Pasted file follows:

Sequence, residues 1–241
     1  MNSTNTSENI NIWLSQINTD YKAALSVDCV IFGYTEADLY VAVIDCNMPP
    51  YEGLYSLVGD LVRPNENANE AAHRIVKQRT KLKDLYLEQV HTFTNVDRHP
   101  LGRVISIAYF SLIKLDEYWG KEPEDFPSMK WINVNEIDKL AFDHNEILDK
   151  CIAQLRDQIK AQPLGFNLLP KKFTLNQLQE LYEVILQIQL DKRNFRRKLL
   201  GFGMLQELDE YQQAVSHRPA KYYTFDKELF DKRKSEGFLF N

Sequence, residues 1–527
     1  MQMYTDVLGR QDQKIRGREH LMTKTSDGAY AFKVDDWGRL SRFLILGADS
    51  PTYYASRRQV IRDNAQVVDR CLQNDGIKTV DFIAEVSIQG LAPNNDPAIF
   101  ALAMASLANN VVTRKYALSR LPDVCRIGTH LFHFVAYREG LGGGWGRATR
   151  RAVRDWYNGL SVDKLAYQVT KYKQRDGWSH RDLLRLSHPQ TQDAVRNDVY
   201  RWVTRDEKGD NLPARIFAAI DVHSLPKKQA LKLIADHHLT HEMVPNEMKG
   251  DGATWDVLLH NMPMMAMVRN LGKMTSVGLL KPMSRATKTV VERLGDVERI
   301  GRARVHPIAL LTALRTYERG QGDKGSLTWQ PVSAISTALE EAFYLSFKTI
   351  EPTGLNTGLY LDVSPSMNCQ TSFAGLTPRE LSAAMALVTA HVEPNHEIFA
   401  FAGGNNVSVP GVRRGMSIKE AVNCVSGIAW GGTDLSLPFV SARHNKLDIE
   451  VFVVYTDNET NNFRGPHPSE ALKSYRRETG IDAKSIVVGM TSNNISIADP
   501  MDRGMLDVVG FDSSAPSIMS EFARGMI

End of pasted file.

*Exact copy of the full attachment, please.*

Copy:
Sequence, residues 1–241
     1  MNSTNTSENI NIWLSQINTD YKAALSVDCV IFGYTEADLY VAVIDCNMPP
    51  YEGLYSLVGD LVRPNENANE AAHRIVKQRT KLKDLYLEQV HTFTNVDRHP
   101  LGRVISIAYF SLIKLDEYWG KEPEDFPSMK WINVNEIDKL AFDHNEILDK
   151  CIAQLRDQIK AQPLGFNLLP KKFTLNQLQE LYEVILQIQL DKRNFRRKLL
   201  GFGMLQELDE YQQAVSHRPA KYYTFDKELF DKRKSEGFLF N

Sequence, residues 1–527
     1  MQMYTDVLGR QDQKIRGREH LMTKTSDGAY AFKVDDWGRL SRFLILGADS
    51  PTYYASRRQV IRDNAQVVDR CLQNDGIKTV DFIAEVSIQG LAPNNDPAIF
   101  ALAMASLANN VVTRKYALSR LPDVCRIGTH LFHFVAYREG LGGGWGRATR
   151  RAVRDWYNGL SVDKLAYQVT KYKQRDGWSH RDLLRLSHPQ TQDAVRNDVY
   201  RWVTRDEKGD NLPARIFAAI DVHSLPKKQA LKLIADHHLT HEMVPNEMKG
   251  DGATWDVLLH NMPMMAMVRN LGKMTSVGLL KPMSRATKTV VERLGDVERI
   301  GRARVHPIAL LTALRTYERG QGDKGSLTWQ PVSAISTALE EAFYLSFKTI
   351  EPTGLNTGLY LDVSPSMNCQ TSFAGLTPRE LSAAMALVTA HVEPNHEIFA
   401  FAGGNNVSVP GVRRGMSIKE AVNCVSGIAW GGTDLSLPFV SARHNKLDIE
   451  VFVVYTDNET NNFRGPHPSE ALKSYRRETG IDAKSIVVGM TSNNISIADP
   501  MDRGMLDVVG FDSSAPSIMS EFARGMI